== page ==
Camping and being in the outdoors is an amazing and rewarding activity giving participants the opportunity to connect with themselves and with others in a way that cannot be achieved in everyday life. But to find a tiger, to remind us of this moment and bringing magic to our evening, well that is very special.

A talisman is an object that is supposed to possess special powers or even a charm that can exercise powerful influence on the human spirit. The tiger had magic powers. The tiger had become our talisman.  Was it the talisman that brought magic to our time together? Or was it being outside and unplugged that made it so special, giving us the opportunity to connect with one another?  Or perhaps it was a little of both.

My college roommate, as I found out, is a natural at camping. With her golden tan and athletic build, just shy a day of her 48th birthday, you would have thought this woman had been and outdoorsman all her life. What a birthday gift to discover a new passion. My roommate exclaimed with exuberance that camping had not seen the last of her and that she was going to get out and camp more with her family and with me.

As we parted, my roommate picked up the tiger and packed it in her tent bag. “I am taking this with me”, she said “and we are doing this again next year!”  With a smile I said, “Of course, as long as the Tiger comes too”.

On my backpacking trip in the backcountry of Isle Royal National Park, in the middle of Lake Superior, I found dimes, feathers and an infinity bracelet that became my talisman, my magic and my reminder to an unforgettable trip I took with my daughter. As I wear the bracelet around my wrist it became a reminder not only of what I experienced while I journeyed five quiet days in the wilderness, it too became a reminder of something bigger than myself watching over me and leading me forward along my journey.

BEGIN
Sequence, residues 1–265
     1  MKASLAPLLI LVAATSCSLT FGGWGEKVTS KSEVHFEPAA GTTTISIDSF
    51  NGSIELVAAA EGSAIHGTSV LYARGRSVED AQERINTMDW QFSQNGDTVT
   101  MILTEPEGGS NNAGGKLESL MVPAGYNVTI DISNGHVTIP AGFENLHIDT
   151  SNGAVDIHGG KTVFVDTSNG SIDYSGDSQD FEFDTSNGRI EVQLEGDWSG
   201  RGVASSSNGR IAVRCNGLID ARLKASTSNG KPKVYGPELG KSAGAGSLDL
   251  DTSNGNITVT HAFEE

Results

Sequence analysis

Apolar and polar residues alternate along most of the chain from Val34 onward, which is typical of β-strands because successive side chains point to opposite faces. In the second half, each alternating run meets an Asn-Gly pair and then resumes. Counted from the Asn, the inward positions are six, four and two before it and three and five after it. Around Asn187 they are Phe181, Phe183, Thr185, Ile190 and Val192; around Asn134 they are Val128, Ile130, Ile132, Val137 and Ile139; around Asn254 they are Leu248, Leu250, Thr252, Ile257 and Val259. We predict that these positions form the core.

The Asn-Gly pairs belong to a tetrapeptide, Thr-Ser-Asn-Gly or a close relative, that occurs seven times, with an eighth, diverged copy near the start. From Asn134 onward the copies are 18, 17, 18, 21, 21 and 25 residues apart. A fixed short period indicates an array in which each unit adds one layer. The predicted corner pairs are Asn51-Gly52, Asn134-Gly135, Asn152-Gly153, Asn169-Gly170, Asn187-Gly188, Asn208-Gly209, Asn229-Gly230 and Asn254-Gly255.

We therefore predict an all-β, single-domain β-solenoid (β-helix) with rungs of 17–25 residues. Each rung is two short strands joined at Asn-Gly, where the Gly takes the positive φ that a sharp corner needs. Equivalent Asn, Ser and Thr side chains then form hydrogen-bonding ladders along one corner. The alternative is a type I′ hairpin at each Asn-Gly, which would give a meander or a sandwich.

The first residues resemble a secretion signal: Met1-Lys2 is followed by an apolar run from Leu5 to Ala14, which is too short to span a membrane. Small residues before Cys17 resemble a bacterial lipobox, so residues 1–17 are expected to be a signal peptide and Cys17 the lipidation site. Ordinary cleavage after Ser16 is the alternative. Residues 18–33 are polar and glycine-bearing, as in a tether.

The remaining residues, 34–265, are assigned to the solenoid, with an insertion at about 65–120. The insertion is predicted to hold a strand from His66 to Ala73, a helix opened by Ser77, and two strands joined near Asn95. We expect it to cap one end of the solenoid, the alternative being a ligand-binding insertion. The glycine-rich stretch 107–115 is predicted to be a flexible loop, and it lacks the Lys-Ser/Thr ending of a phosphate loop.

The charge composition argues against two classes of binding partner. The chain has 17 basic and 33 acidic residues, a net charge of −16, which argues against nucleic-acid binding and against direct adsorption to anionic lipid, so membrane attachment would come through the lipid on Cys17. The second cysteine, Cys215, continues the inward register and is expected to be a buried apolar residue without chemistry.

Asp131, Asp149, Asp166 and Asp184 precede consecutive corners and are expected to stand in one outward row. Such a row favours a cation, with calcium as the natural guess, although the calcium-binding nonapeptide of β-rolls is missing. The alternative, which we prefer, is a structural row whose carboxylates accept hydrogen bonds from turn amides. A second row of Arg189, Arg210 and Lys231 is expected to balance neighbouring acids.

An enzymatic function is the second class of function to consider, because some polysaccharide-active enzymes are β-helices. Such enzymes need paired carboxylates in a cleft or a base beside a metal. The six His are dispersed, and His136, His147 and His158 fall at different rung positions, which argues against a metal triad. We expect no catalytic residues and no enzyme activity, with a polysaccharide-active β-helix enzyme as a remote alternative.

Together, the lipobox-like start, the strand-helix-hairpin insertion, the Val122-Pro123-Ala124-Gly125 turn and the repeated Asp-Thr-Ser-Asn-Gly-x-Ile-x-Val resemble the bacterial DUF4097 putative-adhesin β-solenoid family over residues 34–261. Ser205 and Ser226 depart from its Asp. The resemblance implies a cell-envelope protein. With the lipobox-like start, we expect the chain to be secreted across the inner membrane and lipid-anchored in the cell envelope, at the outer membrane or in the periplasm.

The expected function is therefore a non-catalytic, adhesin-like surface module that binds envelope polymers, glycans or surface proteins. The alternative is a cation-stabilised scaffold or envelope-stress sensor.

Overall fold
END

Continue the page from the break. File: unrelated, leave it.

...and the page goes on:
How about you…do you have a talisman that brings magic and a reminder to your time in the outdoors?

There is a fox in the Tree?!

20130819-115907.jpgIt was no small feat, with juggling of schedules and a lot of planning, but a camping trip with good friends and first time campers finally occurred.

Along with camping with newbies, comes the temptation of bringing the digital world  in the form of electronics, telephones, games and bluetooth earpieces into the camping experience. For me camping is a time to unplug from electronics and plug into the real world around us–nature. Taking in surroundings through sight, smell  and sound opens us up to a world otherwise silenced by layers of digital noise and distractions. Sharing the etiquette of unplugging while camping went over surprisingly well with the teenagers but not so easy with one of the adults.

As we were sitting around the campfire enjoying our surroundings a very large bird swooped in and landed in a nearby tree.  Very excited by our visitor I exclaimed, “There is a Hawk in the tree!” “What”, exclaimed my friend, “there is a fox in the tree?” With that statement howls erupted from around the campfire while further confusion of a fox in the tree plagued my friend. “Where is there a fox in the tree?” “No”, we all exclaimed.  “There is a very large Hawk that flew into the tree right behind us”, I said. Confusion still on my friends face.  With that I replied, “Take the bluetooth out of your ear and you will be able to hear better.  “There is a hawk in the tree!” I said one last time.  As the earpiece was removed there was a slight pause and an “ah ha” moment blossomed across my friends face. “Ohhhh”, he replied, “there is a hawk in the tree!” Smiles and laughter erupted with subtle jeering from fellow campers. 

Take time to unplug not just out camping but at home and plug into your surroundings and those around you.  If you don’t… you might find a fox in your tree.

Wishes Alone Can’t Make My Garden Grow!

Garden fairy

“It takes as much energy to wish as it does to plan.” – Eleanor Roosevelt

I have participated in the ritual of preparing and planting a vegtable garden for 25 years.  Each year I am met with many challenges while gardening, leaving me with minimal results. I ask myself, “Why do I continue to put so much time, energy and money into gardening”? My father always had a successful and productive garden and his parents had one too. I want to be a part of this legacy as well.  Perhaps that is why I persevere, to attain the green thumb that seems to run freely through my family which I have yet to achieve. This year I have decided to take a new approach to my gardening by identifying what prevents me from finding success, then tackling those challenges one by one.

Virginia, where I live, is not blessed with the best soil for growing crops, unless it happens to be Tobacco. Yes, those school text books were right.  The red clay soil is everywhere and a challenge to work with. How on earth the settlers lived on this land is a real mystery to me.

Challenge number one:

#1 Dirt

How to create a rich soil environment to produce the best possible results.